Fondly remembered as the centerpiece of family Thanksgiving reunions, the turkey is a cultural symbol as well as a multi-billion dollar industry. As a bird, dinner, commodity, and national icon, the turkey has become as American as the bald eagle (with which it actually competed for supremacy on national insignias). Food historian Andrew F. Smith's sweeping and multifaceted history of Meleagris gallopavo separates fact from fiction, serving as both a solid historical reference and a fascinating general read. With his characteristic wit and insatiable curiosity, Smith presents the turkey in ten courses, beginning with the bird itself (actually several different species of turkey) flying through the wild. The Turkey subsequently includes discussions of practically every aspect of the iconic bird, including the wild turkey in early America, how it came to be called "turkey," domestication, turkey mating habits, expansion into Europe, stuffing, conditions in modern industrial turkey factories, its surprising commercial history of boom and bust, and its eventual ascension to holiday mainstay. As one of the easiest of foods to cook, the turkey's culinary possibilities have been widely explored, if little noted. The second half of the book collects an amazing array of over one hundred historical and modern turkey recipes from across America and Europe. From sandwiches to salmagundi, you'll find detailed instructions on nearly every variation on the turkey. Historians will enjoy a look back at the varied appetites of their ancestors and seasoned cooks will have an opportunity to reintroduce a familiar food in forgotten ways.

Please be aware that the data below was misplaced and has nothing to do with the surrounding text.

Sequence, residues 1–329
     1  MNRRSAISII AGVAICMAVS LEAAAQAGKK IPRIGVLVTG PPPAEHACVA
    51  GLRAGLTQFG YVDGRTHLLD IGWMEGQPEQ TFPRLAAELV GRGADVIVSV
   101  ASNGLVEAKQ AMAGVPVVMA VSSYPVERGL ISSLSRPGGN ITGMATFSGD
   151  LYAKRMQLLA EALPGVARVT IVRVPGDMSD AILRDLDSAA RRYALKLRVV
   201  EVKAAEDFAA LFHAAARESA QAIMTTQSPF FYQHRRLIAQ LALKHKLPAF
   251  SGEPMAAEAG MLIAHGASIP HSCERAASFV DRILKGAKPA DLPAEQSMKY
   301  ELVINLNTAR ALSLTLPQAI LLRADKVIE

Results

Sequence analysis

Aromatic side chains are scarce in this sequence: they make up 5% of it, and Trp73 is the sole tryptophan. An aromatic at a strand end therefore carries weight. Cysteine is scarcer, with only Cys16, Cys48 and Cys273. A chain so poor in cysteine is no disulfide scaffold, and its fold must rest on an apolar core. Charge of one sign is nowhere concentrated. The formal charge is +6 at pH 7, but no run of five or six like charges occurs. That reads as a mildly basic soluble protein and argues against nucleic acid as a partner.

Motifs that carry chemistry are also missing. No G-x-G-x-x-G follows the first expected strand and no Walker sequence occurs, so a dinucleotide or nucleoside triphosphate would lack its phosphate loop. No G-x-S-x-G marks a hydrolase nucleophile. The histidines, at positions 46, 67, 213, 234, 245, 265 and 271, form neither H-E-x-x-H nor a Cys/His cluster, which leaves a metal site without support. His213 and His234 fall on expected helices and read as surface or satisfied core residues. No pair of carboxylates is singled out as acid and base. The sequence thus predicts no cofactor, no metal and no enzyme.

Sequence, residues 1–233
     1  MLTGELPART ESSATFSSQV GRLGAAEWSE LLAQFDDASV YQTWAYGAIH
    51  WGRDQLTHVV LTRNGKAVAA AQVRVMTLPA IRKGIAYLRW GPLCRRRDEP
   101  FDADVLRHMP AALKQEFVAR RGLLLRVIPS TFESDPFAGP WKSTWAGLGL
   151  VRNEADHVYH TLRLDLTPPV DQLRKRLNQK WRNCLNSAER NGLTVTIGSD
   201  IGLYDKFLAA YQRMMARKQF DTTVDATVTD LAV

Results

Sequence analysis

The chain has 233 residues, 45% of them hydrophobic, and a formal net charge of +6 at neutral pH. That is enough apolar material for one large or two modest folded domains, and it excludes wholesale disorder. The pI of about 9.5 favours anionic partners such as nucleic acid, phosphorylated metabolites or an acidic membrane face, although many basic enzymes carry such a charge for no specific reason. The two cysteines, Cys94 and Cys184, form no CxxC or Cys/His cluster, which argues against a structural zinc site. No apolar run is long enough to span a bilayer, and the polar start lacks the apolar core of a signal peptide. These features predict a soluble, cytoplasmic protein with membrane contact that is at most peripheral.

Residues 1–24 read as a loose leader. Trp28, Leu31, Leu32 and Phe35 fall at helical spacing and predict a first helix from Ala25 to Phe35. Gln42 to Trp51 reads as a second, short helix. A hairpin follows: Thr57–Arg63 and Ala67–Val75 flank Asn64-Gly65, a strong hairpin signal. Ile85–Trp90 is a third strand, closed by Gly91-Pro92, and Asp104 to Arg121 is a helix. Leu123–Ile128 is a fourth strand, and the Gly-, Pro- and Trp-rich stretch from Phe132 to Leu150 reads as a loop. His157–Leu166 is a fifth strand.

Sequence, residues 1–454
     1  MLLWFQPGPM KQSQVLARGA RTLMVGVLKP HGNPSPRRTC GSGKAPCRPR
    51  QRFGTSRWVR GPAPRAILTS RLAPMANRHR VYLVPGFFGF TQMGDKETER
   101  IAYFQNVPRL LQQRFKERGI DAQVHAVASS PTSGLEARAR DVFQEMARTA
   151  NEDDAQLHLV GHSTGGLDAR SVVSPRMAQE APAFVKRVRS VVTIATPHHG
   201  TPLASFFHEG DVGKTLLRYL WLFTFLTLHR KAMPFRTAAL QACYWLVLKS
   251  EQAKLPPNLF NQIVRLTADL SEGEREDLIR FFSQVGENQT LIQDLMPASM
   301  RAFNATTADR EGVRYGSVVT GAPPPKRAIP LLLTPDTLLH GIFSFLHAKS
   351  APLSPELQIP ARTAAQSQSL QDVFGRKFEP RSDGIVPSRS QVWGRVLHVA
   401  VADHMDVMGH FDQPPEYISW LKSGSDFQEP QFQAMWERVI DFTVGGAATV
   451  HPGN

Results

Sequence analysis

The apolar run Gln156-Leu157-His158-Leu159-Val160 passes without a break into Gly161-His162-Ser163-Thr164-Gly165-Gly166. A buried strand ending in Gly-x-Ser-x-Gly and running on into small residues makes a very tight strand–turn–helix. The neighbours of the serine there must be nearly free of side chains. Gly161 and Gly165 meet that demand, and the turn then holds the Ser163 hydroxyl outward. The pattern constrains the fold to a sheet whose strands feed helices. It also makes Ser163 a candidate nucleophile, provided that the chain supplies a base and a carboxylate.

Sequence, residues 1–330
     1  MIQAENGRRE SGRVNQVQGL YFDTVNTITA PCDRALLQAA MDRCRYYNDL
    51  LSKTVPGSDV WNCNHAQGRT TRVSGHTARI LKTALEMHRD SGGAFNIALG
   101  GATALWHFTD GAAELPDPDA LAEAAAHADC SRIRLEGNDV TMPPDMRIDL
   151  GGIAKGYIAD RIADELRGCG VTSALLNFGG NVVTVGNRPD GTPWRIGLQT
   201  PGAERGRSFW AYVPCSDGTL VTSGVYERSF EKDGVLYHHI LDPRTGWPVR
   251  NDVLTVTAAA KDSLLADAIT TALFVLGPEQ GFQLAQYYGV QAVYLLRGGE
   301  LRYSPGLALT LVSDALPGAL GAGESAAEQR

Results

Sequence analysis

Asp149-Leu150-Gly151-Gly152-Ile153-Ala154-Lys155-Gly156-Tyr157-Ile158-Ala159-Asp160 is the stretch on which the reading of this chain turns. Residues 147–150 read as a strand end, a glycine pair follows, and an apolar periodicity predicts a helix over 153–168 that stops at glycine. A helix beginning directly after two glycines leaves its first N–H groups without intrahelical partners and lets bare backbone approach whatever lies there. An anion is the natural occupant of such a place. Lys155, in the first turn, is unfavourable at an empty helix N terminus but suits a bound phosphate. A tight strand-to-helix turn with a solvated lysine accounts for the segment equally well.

About the Author

Andrew F. Smith is a freelance writer who teaches culinary history and professional food writing at the New School in Manhattan. He is the author of many books, including The Tomato in America, The Peanut and coauthor of Real American Food. He is the editor-in-chief of the Oxford Encyclopedia on Food and Drink in America and serves as the Chair of The Culinary Trust, the philanthropic arm of the International Association of Culinary Professionals (IACP).

Product Details

ISBN:
9780252031632
Subtitle:
An American Story
Author:
Smith, Andrew F
Editor:
Smith, Andrew F.
Author:
Smith, Andrew F.
Publisher:
University of Illinois Press
Subject:
History
Subject:
Holiday
Subject:
Cookery (Turkey)
Subject:
Specific Ingredients - Poultry
Subject:
Holiday - General
Subject:
Turkeys - United States - History